A new phishing attack likely targeting civil society groups in South Korea has led to the discovery of a novel remote access trojan called SuperBear.
The intrusion singled out an unnamed activist, who was contacted in late August 2023 and received a malicious LNK file from an address impersonating a member of the organization, non-profit entity Interlabs said in a new report.
The LNK file, upon execution, launches a PowerShell command to execute a Visual Basic script that, in turn, fetches the next-stage payloads from a legitimate but compromised WordPress website.
This includes the Autoit3.exe binary (“solmir.pdb”) and an AutoIt script (“solmir_1.pdb”) that’s launched using the former.
The AutoIt script, for its part, performs process injection using a process hollowing technique, in which malicious code is inserted into a process that’s in a suspended state.
In this case, an instance of Explorer.exe is spawned to inject a never-before-seen RAT referred to as SuperBear that establishes communications with a remote server to exfiltrate data, download and run additional shell commands and dynamic-link libraries (DDLs).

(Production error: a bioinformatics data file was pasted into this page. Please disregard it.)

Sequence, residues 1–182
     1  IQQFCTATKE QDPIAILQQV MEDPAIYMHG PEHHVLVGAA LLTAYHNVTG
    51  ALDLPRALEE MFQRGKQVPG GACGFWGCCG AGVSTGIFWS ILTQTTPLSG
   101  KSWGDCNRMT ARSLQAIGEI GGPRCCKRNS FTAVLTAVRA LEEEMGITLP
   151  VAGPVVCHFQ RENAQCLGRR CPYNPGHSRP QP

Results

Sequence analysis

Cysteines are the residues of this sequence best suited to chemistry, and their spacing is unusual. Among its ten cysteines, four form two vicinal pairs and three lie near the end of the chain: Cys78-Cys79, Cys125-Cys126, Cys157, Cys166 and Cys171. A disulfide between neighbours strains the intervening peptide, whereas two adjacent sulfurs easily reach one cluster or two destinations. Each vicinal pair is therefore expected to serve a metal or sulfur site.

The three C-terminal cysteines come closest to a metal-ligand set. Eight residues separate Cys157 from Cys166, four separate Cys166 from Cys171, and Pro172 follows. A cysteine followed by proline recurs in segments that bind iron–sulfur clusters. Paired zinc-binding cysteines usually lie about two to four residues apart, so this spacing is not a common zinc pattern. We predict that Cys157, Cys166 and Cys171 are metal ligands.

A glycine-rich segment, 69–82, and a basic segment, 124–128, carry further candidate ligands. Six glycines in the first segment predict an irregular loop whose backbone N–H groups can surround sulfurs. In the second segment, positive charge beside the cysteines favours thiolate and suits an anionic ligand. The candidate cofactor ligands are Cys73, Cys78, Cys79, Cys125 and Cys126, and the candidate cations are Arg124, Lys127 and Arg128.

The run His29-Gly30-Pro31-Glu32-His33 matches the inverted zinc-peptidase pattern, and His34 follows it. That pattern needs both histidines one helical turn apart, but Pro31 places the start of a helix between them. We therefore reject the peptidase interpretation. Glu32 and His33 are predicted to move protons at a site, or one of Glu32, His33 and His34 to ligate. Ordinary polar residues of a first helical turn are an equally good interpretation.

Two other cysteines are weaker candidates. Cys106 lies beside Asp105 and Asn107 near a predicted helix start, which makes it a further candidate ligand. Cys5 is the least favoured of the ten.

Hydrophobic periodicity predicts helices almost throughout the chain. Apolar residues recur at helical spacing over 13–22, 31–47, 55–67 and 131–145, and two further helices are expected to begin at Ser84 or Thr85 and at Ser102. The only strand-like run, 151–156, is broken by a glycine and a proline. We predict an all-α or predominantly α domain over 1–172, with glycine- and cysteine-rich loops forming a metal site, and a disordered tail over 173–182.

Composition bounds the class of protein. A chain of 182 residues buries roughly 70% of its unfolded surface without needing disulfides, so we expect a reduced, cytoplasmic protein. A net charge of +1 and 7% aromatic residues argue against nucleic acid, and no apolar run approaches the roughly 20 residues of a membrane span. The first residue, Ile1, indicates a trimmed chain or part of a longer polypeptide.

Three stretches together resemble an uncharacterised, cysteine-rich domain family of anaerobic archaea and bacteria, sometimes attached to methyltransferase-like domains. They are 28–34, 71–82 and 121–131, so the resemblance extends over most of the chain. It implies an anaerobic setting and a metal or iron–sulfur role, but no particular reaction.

“The default action for the C2 server appears to instruct clients to exfiltrate and process system data,” Interlab researcher Ovi Liber said, noting that the malware is so named because “the malicious DLL will try to create a random filename for it, and if it can’t it will be named ‘SuperBear.'”
The attack has been loosely pinned on a North Korean nation-state actor named Kimsuky (aka APT43 or Emerald Sleet, Nickel Kimball, and Velvet Chollima), citing similarities with the initial attack vector and the PowerShell commands used.
Earlier this February, Interlab also revealed that North Korean nation-state actors targeted a journalist in South Korea with Android malware dubbed RambleOn as part of a social engineering campaign.